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Wi-Fi Multimedia (WMM) is a Wi-Fi Alliance interoperability certification based on the IEEE 802.11e standard, which provides Quality of Service (QoS) features to IEEE 802.11 networks. WMM prioritizes traffic that requires more throughput and less delay over traffic where delays aren't as noticeable.

WMM-EDCA settings

Configuring WMM consists of adjusting parameters on queues for different categories of wireless traffic. The four queues are as follows:

  • Back ground: Low priority. High throughput, non-time-sensitive bulk data, such as FTP.
  • Best effort: Medium priority. Traditional IP data. Medium throughput and delay.
  • Video: High priority. Time-sensitive video data with low delay.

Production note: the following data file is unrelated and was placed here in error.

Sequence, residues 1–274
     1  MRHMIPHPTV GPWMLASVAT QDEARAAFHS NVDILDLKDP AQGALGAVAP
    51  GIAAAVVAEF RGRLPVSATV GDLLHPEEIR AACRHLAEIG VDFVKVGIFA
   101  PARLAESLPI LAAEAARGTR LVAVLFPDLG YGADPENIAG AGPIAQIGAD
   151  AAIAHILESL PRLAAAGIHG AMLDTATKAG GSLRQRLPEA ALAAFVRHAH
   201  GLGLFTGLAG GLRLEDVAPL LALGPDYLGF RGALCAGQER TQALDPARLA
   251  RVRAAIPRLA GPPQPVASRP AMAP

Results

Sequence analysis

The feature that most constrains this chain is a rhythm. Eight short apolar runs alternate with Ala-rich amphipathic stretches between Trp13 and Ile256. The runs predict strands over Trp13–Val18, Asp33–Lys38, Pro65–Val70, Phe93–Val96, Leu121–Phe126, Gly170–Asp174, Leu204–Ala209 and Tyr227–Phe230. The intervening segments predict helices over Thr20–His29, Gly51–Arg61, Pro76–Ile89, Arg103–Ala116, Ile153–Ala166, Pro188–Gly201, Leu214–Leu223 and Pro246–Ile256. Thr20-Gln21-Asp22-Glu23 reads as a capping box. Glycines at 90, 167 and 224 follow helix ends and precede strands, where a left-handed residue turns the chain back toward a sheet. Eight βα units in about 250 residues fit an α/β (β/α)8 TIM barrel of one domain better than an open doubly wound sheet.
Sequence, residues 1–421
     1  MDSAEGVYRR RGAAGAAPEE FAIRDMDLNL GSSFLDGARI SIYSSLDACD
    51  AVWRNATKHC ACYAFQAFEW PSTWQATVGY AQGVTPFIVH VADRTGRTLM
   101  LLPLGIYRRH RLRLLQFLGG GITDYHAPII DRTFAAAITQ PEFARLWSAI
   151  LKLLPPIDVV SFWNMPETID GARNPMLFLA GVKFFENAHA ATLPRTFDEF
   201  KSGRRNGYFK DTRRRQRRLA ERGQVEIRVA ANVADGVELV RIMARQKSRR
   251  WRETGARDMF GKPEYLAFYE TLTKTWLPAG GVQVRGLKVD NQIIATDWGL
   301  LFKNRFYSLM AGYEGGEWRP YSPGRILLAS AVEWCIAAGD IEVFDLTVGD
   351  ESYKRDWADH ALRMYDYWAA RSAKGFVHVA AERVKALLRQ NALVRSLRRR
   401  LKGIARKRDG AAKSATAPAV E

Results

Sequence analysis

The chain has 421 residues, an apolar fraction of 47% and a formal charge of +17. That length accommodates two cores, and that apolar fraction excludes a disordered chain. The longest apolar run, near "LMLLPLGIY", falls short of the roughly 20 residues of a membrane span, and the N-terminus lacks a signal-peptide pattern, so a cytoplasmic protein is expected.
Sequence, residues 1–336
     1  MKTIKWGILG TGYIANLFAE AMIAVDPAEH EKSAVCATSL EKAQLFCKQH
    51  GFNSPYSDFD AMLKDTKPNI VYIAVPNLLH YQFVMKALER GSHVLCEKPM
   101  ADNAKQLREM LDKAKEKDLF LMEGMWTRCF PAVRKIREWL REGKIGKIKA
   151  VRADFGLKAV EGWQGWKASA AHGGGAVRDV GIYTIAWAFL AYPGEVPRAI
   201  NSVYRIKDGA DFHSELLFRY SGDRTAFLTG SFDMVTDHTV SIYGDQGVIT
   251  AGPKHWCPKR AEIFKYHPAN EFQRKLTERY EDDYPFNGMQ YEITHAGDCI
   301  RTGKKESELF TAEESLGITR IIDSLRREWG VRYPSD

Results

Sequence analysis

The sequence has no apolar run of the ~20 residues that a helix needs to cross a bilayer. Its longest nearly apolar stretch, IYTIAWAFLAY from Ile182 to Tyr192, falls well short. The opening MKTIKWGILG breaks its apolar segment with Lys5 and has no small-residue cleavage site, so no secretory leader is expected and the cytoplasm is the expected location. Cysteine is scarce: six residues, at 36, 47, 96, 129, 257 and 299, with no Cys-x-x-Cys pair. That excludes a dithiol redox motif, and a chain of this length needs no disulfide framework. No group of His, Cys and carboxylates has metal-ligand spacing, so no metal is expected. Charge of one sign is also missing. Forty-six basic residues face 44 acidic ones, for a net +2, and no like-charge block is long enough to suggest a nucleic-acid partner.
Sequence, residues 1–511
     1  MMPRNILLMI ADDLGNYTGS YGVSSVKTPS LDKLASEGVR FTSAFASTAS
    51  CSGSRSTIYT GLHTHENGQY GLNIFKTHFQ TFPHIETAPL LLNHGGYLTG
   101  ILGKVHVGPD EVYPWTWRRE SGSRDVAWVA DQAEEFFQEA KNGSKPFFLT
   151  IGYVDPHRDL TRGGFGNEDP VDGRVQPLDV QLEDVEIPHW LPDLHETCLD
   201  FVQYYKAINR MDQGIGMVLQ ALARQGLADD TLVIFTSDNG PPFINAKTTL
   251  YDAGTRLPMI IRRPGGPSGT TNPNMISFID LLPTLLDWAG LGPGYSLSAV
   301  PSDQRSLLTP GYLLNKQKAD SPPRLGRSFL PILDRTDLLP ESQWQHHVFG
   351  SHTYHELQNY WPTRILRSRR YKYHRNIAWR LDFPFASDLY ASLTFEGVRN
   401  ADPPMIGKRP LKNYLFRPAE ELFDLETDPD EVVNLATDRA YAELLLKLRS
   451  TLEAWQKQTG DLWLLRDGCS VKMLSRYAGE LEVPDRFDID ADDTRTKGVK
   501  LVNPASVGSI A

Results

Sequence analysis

• Voice: Highest priority. Time-sensitive data such as VoIP and streaming media with minimum time delay.

Queues automatically provide minimum transmission delays for video, voice, multimedia, and critical applications. The values are in milliseconds and can be adjusted manually for both the access point and the SIP station.

  • CWMin: Minimum Contention Window. The contention window determines when devices must wait and listen for other transmitting devices before they can transmit, also called a backoff period. Devices generate the backoff period between 0 and this value. If the device doesn't send the frame, it doubles the random backoff value until it reaches CWMax. The CWMin value must be less than the CWMax value.
  • CWMax: Maximum Contention Window. This value is the upper limit to random backoff value doubling.
  • AIFSN: Arbitration Inter-Frame Space. Specifies additional time between when a channel goes idle and the access point or device sends data frames. Traffic with a lower AIFSN value has a higher priority.
  • TxOP: Transmission Opportunity. The maximum interval of time an access point can transmit. This makes channel access more efficiently prioritized. A higher value means higher priority.